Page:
Out back a SO-CAL Speed Shop transverse leaf/ladder bar setup was used with custom brackets, Bilstein shocks, a sway bar from Alan Johnson, and a polished Winters quick-change rear. Up front a Posies spring, 4-inch-drop Super Bell axle, and another set of Bilsteins went in. GM disc brakes up front (with custom vented covers) and SO-CAL drum brakes in the rear supply the whoa while rollers (17x8 and 15x4.50) came in the form of knock-off Dayton Wire wheels wrapped in Diamond Back rubber.

When building a car that is as understated as this, there is no need to shout when talking about the drivetrain. A simple 350 crate motor from Chevrolet received that same amount of detail from FastLane as the rest of the car. Up top a trio of Barry Grant Six Shooter carbs (fitted with O’Brien Truckers finned aluminum air cleaners) feed the engine, which has its exterior sanded and ground smooth before being color-matched to the car.

Ignition comes from an MSD 6AL and Taylor wires, and exhaust runs through smoothed Speedway ram horn manifolds, exiting out a pair of Stainless Works mufflers. More of Lane’s fabrication skills can be seen in the aluminum fan shroud he made up for the Walker radiator as a custom overflow tank was incorporated into its design.

Only small changes were made to the three-window’s body itself, which included a minor 3/4-inch chop and leaning the rear window forward for a more dramatic silhouette. The cowl vent was left intact, though now it operates electronically, and the hood tops were pie-cut 3/8 inch.

The front fenders were cut, reshaped, and recontoured to better follow the shape of the front wheel. The roof insert was flush fit, and Lane made the front and rear aprons as well as the headlight bar, which was dropped 2 inches, narrowed, then drilled for internal wiring. The front spreader bar is curved, a design element Phil carried over to the rear spreader bar, which follows the shape of the body. Dave then also curved the backside of the stock gas tank so it, too, follows the body line. Jon Wright’s Custom Chrome handled all of the car’s brightwork, while Dave used Greening Auto Company headlights and taillights (with custom stands from FastLane) from Johnson’s Hot Rod Shop. Once the custom bodywork was complete, Lane sprayed the body and parts with a custom-mix DuPont Chroma Premier single-stage butterscotch paint.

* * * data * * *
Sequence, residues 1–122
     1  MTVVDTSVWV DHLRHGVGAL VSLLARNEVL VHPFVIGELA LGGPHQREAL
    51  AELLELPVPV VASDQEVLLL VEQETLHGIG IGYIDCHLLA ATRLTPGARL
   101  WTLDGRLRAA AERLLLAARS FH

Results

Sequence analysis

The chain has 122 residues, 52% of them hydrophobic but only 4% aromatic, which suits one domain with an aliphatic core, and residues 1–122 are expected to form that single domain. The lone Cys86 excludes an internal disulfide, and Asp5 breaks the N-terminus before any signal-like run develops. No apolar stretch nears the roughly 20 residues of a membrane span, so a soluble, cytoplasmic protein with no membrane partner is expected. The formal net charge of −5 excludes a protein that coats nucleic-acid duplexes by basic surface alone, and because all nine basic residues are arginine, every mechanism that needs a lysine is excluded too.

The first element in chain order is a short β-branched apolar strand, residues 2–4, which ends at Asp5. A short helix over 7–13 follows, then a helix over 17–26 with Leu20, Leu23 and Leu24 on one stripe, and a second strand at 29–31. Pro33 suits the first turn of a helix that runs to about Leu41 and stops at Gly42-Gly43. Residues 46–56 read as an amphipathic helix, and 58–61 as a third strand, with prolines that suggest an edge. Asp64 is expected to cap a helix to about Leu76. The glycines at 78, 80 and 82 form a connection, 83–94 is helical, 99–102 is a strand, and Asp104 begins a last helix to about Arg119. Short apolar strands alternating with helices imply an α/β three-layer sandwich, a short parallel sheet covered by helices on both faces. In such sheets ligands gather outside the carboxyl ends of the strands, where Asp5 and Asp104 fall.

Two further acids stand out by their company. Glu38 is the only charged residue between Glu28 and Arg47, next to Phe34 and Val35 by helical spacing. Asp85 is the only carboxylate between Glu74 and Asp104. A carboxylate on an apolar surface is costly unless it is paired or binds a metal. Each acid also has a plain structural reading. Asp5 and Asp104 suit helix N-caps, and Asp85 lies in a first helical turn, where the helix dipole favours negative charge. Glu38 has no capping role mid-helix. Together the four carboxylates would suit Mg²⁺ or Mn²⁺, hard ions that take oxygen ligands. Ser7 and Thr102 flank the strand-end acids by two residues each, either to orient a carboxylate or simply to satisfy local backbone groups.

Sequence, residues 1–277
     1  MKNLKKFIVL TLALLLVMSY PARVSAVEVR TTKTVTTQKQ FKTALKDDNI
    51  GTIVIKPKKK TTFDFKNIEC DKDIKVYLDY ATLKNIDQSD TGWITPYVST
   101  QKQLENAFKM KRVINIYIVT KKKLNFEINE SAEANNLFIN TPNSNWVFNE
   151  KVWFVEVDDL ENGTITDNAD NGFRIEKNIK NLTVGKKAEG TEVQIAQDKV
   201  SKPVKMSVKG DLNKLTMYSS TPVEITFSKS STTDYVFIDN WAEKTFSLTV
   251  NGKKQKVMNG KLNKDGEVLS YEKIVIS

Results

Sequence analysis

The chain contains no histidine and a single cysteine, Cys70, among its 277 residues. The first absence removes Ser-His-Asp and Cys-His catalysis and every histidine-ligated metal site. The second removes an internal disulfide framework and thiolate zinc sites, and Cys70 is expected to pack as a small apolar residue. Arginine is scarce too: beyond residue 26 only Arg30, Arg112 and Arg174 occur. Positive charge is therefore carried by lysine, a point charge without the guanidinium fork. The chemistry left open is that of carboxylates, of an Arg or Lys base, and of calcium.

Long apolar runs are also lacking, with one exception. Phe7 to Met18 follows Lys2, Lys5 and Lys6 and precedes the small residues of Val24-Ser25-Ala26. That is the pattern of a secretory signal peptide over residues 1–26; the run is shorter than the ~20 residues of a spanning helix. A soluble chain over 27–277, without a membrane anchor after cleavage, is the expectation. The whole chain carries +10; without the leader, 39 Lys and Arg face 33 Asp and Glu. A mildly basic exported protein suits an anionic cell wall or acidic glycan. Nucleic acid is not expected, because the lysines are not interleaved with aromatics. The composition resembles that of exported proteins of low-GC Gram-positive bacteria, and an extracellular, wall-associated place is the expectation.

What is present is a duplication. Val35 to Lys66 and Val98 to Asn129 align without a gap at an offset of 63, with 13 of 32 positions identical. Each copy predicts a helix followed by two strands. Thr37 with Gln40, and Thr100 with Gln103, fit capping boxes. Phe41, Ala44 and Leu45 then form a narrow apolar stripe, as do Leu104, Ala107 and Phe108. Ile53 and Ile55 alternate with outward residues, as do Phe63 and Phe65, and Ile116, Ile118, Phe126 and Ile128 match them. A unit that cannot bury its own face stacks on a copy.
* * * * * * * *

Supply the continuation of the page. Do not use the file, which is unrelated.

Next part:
The simple-but-clean look was carried through and into the interior as a ’32 Ford dash (from Brookville) now houses a ’34 Plymouth gauge cluster that was reworked by Classic Instruments before being wired in with a Centech kit. The dash and interior metal pieces were painted an exterior-contrasting chocolate brown, except for the Lime Works stainless steel steering column and drop. Even the ring of the ’60s-era Porsche steering wheel got the treatment after being downsized almost 2 inches.

For the first time, Lane worked closely with Dave and Sally Schober of Schober’s Custom Hot Rod Interiors of Sandwich, Illinois, in creating a unique interior for the three-window. The bench seat was fit to the owner and then covered in espresso-colored leather—the same material used on the door panels that feature saddlebag pockets fitted with Lime Works buckles. Dynamat insulation is found under the brown square-weave carpet, and black seatbelts came from Juliano’s.

The appeal of a hot rod from FastLane is that it is about as close as you can get to getting an old-world coachbuilt type of car from a master craftsman. Not that there aren’t talented builders out there, it’s just you don’t run across many one-man shops that deliver this caliber of car year after year. Phil Becker recognizes that fact, and even more so after his Deuce debuted at the Goodguys Nationals in Columbus in 2011 and won Street Rod of the Year honors. A dream come true for Phil and Debbie Becker, their ’32 is just another facet in the gem that has been their life together—a love affair that started years ago at that newsstand where Deb worked and Phil hung out reading those hot rod magazines.